Thursday, April 25, 2013

Baby boom continues with porcupette birth

Posted by: Caileigh Robertson, Communications
Photos by: Ryan Hawk/Woodland Park Zoo


Just when our zookeepers thought the baby boom was at bay, our porcupine pair delivered the zoo’s first ever North American porcupette (the name for a baby porcupine—and yes, the name is as cute as the baby)! Unlike the other recent births, we have to admit: we didn't see this one coming!


Our 2-year-old breeding pair, Molly and Oliver, joined Woodland Park Zoo in June 2011 shortly after their April birthdays. At such a young age, zookeepers expected that Oliver was a year shy of sexual maturity. To their surprise, Molly gave birth to a male porcupette on April 18 in the Northern Trail exhibit den! Thinking back, Molly must have become pregnant in September, giving her a seven-month gestation period before birthing the pair’s first baby.


A porcupette is born with a full coat and open eyes, contrasting many of its rodent counterparts. Within hours of birth its soft coat of quills begins to harden, immediately preparing it for protection from predators. The baby becomes active quickly and—as a natural tree dweller—its climbing instincts take hold within weeks of delivery. Climbing makes foraging easier on the young, a skill set it will exercise early in its development as it weans itself from mom and transitions to an herbivorous diet of leaves, twigs and bark.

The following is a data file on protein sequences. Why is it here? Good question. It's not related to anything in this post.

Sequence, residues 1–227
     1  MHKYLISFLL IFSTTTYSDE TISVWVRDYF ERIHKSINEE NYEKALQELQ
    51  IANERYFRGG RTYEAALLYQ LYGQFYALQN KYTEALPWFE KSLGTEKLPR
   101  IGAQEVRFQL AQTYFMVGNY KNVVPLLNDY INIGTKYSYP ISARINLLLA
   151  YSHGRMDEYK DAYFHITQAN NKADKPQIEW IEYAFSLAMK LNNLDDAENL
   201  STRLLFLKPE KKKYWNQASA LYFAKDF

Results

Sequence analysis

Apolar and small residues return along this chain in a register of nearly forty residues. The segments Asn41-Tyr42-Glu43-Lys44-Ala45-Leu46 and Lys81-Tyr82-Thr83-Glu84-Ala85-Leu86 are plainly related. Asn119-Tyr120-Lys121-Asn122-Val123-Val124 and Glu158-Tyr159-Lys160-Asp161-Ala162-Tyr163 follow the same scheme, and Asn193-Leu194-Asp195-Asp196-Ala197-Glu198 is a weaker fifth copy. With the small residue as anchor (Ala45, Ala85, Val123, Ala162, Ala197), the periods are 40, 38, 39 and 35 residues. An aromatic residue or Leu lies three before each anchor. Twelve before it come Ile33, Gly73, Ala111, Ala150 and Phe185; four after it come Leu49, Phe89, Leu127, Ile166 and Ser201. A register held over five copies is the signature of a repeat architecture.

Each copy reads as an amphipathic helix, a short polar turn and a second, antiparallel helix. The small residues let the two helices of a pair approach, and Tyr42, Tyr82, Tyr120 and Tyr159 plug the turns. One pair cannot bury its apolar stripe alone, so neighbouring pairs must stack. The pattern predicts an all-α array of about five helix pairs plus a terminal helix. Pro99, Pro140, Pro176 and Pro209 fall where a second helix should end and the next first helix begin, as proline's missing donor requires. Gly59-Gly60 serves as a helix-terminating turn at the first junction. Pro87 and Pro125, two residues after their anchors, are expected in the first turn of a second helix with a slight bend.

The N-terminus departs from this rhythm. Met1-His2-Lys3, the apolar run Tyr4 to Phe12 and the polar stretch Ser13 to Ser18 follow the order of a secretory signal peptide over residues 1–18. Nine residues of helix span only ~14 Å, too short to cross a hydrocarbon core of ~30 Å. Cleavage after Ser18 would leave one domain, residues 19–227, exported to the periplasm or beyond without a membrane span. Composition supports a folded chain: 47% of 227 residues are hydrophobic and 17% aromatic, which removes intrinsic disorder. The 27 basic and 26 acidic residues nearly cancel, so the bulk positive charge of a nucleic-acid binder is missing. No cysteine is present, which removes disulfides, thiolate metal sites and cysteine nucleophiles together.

Molly and the newborn live in a den behind the Tundra Center, though Molly sometimes leaves to stretch her legs in their exhibit. In the wild, a mother porcupine would leave the newborn to nest in a safe area on the ground and she would retreat to the trees for food and shelter. Living at the zoo, Molly has the choice to stay with the baby or take advantage of her unlimited access to their Northern Trail exhibit.


In the warmth of their den box, the pair nuzzles close to one another until the porcupette breaks free from her embrace and explores their shared space. Time and time again, mom will swoop her paws beneath his belly and pull him back to her chest for what looks a lot like a porcupine hug.


Our zookeepers are keeping a close watch on them in these earliest days, but visitors can expect to see Molly and the porcupette in their exhibit in about two short weeks.

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